Our platform can be used for a wide range of applications and is highly configurable (i.e., sampling rate, number of channels, control interface, etc.).

11:30: Chris Kiefer — Signal Processing with Machine Learning on FPGAs

Fied Programmable Gate Arrays (FPGAs) enable us to make customised logic circuits in hardware. Recently, open source projects have made this technology more accessible for non-industrial users. FPGAs can generate and process sound with extremely high speed and low latency compared to conventional computers, although they are also limited by memory and lack of specialist processing (e.g floating point units). This talk will discuss how we can use FPGAs for signal processing, and how we can use the power of this technology to accelerate machine learning models for audio and sensor processing, considering binary represenations of sound, and binary logic networks for machine learning.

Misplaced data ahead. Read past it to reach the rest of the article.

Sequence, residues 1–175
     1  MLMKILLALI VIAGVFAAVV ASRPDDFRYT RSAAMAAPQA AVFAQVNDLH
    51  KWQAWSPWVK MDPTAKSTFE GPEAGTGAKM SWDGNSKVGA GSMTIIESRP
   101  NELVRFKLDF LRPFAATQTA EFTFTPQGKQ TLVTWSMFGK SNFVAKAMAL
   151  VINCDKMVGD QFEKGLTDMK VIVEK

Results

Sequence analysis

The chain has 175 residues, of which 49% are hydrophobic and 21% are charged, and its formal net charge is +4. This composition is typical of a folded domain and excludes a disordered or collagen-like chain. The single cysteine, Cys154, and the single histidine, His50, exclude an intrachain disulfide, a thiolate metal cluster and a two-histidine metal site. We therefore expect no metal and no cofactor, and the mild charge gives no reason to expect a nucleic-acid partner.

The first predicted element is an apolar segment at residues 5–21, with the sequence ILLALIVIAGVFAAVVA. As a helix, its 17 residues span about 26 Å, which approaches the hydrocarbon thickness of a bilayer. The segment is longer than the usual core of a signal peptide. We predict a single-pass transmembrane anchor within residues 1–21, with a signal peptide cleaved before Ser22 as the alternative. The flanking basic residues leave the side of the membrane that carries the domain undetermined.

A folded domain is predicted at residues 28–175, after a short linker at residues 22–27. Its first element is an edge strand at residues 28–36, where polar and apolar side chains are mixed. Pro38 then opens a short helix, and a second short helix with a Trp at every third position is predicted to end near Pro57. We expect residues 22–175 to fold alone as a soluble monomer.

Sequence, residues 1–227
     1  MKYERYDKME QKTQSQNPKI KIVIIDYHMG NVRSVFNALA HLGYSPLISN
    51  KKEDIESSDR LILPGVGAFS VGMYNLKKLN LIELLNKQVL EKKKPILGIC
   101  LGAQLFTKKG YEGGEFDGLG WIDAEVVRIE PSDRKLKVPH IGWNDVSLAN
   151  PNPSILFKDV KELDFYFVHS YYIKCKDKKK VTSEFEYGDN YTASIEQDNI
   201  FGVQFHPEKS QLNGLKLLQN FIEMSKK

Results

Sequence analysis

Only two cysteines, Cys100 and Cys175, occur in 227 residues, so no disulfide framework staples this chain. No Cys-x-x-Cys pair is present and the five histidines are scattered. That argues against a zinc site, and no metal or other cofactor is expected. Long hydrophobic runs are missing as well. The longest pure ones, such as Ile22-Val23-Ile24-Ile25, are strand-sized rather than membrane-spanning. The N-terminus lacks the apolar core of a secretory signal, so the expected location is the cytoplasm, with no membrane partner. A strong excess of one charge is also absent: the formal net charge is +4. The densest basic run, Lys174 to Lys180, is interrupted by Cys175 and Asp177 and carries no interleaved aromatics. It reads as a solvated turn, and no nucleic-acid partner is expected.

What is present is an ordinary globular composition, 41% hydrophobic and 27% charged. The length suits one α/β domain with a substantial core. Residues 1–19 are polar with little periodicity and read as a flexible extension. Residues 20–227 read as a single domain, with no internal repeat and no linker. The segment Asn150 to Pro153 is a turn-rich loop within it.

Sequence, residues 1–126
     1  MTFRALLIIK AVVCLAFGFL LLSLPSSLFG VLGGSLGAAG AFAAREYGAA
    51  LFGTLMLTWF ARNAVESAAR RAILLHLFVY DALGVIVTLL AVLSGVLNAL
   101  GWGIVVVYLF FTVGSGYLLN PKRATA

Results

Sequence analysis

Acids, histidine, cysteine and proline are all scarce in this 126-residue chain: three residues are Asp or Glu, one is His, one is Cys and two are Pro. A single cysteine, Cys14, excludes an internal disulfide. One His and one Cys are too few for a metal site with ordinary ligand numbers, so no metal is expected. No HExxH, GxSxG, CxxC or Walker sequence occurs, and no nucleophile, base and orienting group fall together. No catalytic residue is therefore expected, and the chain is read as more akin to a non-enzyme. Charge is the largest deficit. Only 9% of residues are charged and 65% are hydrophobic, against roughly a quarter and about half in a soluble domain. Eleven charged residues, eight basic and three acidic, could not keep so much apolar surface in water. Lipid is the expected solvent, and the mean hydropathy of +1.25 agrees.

12:00: Adán Benito Temprano and Clemens Wegener — Low Latency Interaction With Bela: What, Why and How?

Bela is an open-source embedded computing platform developed for creating real-time high-quality, ultra-low latency interactive systems with audio and sensors. The Bela platform is built on top of the BeagleBone single-board computer and comprises specific hardware and a custom hard-real time audio environment based on Xenomai Linux, which is capable of submillisecond round-trip audio latencies and nearly jitter-free alignment of digital, analog and audio I/O.

In this talk, we will discuss what the sources of latency in an interactive system are, their implications and how we built our platform to tackle these.

12:30: Thomas Rushton — Microcontroller-Based Network Client Towards Distributed Spatial Audio